AT&T today said it will offer high-definition (HD) voice using voice over LTE (VoLTE) in certain markets in Illinois, Indiana, Minnesota and Wisconsin beginning May 23.
The technology is still in its infancy, however.
An AT&T spokesman confirmed that customers will only get the full benefit of HD voice if they use an HD voice-capable phone to speak with another person who also has an AT&T HD voice-capable phone and who is also located in an AT&T HD voice market. The spokesman noted, however, that people with VoLTE devices in VoLTE coverage areas get another benefit regardless of who they call: They can simultaneously talk and surf the Internet.
“In the future, we expect that HD voice will work between customers of other carriers,” the spokesman added.
Two other carriers – T-Mobile and Sprint – currently offer HD voice capability, in some areas at least, but as of now HD voice only works within each carrier’s network.
HD Voice Basics
HD voice uses wideband codecs that transfer sounds over a frequency band that is more than twice as wide as the frequency band traditionally used for cellular voice service. As a result, it more closely approximates the human hearing range and studies have shown that consumers prefer HD voice sound quality over traditional cellular voice.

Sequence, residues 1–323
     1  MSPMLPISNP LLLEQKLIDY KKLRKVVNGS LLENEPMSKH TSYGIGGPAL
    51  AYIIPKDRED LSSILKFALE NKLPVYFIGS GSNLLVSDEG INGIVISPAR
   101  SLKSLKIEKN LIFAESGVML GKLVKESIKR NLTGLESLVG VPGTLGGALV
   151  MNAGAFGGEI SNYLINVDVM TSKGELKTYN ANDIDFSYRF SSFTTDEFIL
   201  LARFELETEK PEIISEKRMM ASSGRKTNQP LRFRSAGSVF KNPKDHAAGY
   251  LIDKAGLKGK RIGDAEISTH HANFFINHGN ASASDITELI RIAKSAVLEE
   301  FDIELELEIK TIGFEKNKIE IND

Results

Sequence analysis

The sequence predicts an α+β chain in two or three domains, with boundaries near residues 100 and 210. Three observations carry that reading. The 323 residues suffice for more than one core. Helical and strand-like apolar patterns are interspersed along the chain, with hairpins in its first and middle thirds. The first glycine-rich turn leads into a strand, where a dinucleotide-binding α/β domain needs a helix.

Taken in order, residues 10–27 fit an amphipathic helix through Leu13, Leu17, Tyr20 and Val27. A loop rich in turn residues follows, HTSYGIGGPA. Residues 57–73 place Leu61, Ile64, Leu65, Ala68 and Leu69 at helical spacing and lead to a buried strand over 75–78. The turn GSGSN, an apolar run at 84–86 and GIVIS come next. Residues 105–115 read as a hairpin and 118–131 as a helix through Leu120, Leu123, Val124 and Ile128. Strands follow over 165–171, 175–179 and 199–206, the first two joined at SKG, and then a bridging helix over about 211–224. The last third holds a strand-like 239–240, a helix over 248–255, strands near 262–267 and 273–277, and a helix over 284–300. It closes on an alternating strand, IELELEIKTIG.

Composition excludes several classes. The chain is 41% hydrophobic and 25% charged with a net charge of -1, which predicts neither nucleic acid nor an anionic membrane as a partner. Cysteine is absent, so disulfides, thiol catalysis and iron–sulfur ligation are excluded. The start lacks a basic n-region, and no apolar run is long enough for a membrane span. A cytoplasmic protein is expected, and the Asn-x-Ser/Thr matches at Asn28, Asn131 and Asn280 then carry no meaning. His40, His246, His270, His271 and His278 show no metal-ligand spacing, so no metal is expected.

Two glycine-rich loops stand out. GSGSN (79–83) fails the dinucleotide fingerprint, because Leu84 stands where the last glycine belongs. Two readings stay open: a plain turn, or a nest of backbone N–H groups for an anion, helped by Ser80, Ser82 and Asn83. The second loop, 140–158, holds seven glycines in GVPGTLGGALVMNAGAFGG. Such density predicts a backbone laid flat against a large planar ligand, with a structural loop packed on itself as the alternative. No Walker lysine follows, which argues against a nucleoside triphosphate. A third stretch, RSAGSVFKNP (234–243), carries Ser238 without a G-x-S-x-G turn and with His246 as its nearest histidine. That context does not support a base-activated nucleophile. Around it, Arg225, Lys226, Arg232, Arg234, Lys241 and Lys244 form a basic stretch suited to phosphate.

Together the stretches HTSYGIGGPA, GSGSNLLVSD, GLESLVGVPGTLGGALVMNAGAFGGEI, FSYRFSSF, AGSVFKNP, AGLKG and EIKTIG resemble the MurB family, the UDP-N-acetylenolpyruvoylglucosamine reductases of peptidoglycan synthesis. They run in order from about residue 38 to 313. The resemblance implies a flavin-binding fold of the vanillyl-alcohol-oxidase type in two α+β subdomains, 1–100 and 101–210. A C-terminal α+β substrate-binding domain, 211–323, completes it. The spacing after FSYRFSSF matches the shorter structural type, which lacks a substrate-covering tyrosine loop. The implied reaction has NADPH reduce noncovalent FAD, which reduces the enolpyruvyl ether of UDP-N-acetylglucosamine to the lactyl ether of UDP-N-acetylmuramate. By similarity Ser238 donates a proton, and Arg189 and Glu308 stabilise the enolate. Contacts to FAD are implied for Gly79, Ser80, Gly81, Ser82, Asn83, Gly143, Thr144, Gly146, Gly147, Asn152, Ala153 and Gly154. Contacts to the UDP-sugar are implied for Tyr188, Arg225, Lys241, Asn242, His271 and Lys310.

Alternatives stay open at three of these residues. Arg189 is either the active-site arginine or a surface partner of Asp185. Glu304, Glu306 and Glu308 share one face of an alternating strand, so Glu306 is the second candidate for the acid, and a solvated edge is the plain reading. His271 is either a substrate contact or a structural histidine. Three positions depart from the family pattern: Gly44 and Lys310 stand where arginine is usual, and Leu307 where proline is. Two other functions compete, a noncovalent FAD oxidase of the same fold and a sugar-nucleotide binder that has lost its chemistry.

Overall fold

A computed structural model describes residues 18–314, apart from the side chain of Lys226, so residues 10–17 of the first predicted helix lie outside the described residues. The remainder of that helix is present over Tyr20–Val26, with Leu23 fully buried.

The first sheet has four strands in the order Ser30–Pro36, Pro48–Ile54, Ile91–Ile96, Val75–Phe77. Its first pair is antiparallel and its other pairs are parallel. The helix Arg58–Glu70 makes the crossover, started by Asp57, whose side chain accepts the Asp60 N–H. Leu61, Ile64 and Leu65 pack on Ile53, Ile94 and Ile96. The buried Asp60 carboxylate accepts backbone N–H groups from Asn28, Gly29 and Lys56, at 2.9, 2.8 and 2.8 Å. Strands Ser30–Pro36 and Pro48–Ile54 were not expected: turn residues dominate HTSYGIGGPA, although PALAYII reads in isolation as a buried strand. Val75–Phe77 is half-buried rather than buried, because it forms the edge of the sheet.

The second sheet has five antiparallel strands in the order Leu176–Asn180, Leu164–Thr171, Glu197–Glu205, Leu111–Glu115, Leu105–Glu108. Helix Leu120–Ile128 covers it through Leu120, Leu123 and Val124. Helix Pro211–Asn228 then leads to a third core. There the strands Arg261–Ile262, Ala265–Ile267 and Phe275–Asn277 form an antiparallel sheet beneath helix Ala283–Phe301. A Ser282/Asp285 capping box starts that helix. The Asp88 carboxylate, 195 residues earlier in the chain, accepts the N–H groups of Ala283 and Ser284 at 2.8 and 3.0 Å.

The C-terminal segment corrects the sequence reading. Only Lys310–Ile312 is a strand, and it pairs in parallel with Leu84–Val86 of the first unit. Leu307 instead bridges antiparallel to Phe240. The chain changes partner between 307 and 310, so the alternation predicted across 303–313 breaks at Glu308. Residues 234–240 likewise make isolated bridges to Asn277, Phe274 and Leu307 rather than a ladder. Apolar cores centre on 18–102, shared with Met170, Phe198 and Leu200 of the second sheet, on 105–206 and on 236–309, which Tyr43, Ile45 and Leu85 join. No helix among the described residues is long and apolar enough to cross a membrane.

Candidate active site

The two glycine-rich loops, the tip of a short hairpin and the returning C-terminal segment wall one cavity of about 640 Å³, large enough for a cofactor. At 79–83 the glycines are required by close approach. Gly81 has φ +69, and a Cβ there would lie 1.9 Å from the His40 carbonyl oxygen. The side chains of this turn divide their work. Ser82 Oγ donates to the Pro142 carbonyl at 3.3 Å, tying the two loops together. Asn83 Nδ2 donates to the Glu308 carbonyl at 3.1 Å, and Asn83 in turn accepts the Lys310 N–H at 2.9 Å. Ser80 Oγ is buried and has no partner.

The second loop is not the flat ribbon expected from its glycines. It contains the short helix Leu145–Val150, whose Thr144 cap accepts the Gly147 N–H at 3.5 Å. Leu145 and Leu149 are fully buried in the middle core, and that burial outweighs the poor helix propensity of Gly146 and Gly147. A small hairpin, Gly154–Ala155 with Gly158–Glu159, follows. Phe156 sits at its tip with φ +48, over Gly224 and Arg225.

AT&T currently offers just one handset that supports HD voice – the Samsung Galaxy S4 mini. Moving forward, however, the range of HD-capable devices will likely expand. And once a carrier makes the move to VoLTE, there is little additional cost involved in offering HD voice. Accordingly there was little downside to AT&T’s decision to launch HD voice.
TDM-to-IP Transition Plans?
Considering the potential benefits of HD voice, it would seem to make sense for AT&T to use the technology in the TDM-to-IP transition trials the company is planning. Those trials will replace traditional landline voice service with a cellular-based alternative — and one of the planned trial areas has a heavy concentration of senior citizens who undoubtedly would appreciate HD voice sound quality.
The AT&T spokesman didn’t answer a question from Telecompetitor about whether HD voice figures into AT&T’s plans for the trials, however.